I am partaking in a journey where I will appraise every non-franchise restaurant in town and review their food as well as their service. It is an attempt to expand my mind and appetite. Simultaneously, I will also be taking what I learn from these establishments and attempting to remake them with my extremely limited skill.
I think I just have a problem with places that assume you’ll be eating from the buffet, a trough for bipeds. Initially, I was expecting China Taste to be another checklist of Asian cuisine mediocrity. It’s not off a highway or near a major urban area. No one has mentioned it, let alone offer it praise. And given the last year of reviews, I compare reviewing Chinese restaurants to getting stitches removed. However, after entering, I suddenly got a rush of something. I didn’t recall feeling this before. Hope? No. Optimism? No…maybe just less despair. There was an electric fireplace dominating the center, oddly and perhaps hazardously close to a koi aquarium. There was a sizeable bar resting beside the U-shaped buffet. There were tables sitting on boardwalks and decent non-business office lighting. The napkins even had the restaurant’s name printed on them. Then the waitress opened up with the assumption that I would follow the chow line…
…I mean food…
I was about to ask for a menu, being “difficult” as I thought I would be, when I noticed a plate of sushi being carried to the buffet. Wait…all you can eat sushi? I let the despondency slip away as I stepped into line with plate in hand. You know the kind of plate: that same nine-inch white number with a mild lip and food safe stamp on the bottom, that one that must come twelve to a box, standard with each buffet bucket. I felt like one of those kids walking to the meat grinder in Pink Floyd’s The Wall. The problem I have with buffets is that they compel you to eat more of food you don’t like. But maybe this place would be the exception. I mean they had California rolls. The deep fried wontons looked like they had actual meat in them. The crowds forming at lunchtime would force a high rotation of food.
On my first pass, which took far too long given the indecision of the plaid-wearers in front of me, I took a small sampling of the benchmarks—sweet and sour pork, chow mein, lemon chicken, chicken balls, and a few of those wontons. I even snagged a few of those out-of-place reverse rolls. With deep colors and steam rising from my plate, I began to think this place could break the mold of Chinese buffets.
It didn’t, and every bite was followed by a mouthful of anguish. Gloom quenched my thirst, badly needed from chewing salty and dried hopelessness. The pork felt like boiled leather. The chicken was dry enough to be considered fossilized. The obviously store-bought spring rolls tasted a week past expiration. And the sushi rolls—those sorry excuses I’ve wanted to take photos of in other restaurants—had just been removed from their fridge. Have you ever tried chewing on cold white rice? It’s like eating something extruded from a Play-Doh Fun Factory. The wasabi had no kick and even the ginger tasted lip-puckeringly sour. The salty deep fried wontons were initially the only jewel until I realized how much water I was ingesting to settle my throat.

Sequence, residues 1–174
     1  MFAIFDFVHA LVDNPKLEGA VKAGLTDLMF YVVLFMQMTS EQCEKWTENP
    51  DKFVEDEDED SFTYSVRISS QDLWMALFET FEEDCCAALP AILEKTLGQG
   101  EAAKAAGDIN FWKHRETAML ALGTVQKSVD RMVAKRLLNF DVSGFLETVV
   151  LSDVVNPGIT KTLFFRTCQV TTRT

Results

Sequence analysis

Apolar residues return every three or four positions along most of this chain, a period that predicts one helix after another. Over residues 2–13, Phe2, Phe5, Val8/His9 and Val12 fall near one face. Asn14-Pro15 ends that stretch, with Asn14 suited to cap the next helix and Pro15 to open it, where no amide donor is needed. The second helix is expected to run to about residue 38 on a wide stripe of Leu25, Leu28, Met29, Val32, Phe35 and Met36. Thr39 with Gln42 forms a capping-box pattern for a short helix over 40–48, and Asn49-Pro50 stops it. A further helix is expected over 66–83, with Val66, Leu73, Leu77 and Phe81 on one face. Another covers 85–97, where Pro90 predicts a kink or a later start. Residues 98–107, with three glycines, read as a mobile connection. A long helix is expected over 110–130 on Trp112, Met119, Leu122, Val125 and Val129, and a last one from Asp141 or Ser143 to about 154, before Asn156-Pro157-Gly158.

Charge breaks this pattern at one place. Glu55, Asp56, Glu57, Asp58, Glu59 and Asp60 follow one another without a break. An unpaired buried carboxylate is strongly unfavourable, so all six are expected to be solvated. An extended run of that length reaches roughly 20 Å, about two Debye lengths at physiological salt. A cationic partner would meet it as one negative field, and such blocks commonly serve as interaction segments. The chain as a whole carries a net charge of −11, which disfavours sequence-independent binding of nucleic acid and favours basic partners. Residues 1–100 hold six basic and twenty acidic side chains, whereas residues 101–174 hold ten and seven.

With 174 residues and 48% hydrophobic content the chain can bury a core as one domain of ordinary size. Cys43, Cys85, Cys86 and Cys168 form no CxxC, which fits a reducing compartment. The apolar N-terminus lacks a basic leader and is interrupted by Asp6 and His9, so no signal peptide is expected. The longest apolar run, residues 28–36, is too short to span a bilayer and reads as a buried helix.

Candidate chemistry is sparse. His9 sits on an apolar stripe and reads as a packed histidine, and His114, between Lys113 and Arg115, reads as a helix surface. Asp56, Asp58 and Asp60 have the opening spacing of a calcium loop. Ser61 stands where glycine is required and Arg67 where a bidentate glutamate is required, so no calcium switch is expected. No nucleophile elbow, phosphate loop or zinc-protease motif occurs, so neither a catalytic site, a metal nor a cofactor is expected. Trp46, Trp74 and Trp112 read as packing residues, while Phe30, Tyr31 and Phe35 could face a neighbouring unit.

My second pass fared even worse. The wonton broth was dark but I could distinctly taste uncooked beef swirling over my tongue. If I get rickets or shingles after this, I’ll be plenty pissed. Yes, the dessert cart had actual cake and puddings, but at this point, I was just tired of it all. I hoped and prayed to the big guy above me (superman) that this was my last buffet experience.
I am trying not to be an elitist, but I really don’t understand the appeal in paying $10.00 for two plates of shitty food. If quantity to price is the deciding factor, and you don’t care about what slips effortlessly down your grease-lubricated throat, walk a block (if you can) to the world’s second largest chain and slap down five bucks for four cheeseburgers. Hell, spend a dollar more and get a semi-decent lunch at the Tim Hortons at the end of the street).
As I concluded my lunch, I heard an employee calling a customer by name: repeat service. Shocking. And unlike Golden Palace, I can’t excuse the lack of quality on the cooks simply being racist (half the employees were white). They were serving bad food to everyone equally. I guess that could be a compliment. In defense, if the restaurants on the bottom rung were categorized on their own ladder, China Taste wouldn’t be on the floor. It could look down on quite a few places, most of them other Chinese restaurants. And <fuck> is that depressing—the quality of a cuisine which on average is weaker than Grade F beef in hamburgers and refried beans extruded into an untoasted tortilla shell. I should rate every restaurant from now one on how much better it is against Taco Bell. I wish we had a Taco Bell in town at this point. Like so many times in the past eighteen months or so, I wanted to scream to people that they don’t have to settle for this. Yet they do so, often. I’m started to pine for greasy spoons again.
Only a few more restaurants remain…
PS: “Trough” is pronounced “troff” and is a long container to hold animal feed or water. It wasn’t a spelling mistake.
3601 Massey Dr Prince George, BC V2N 4E6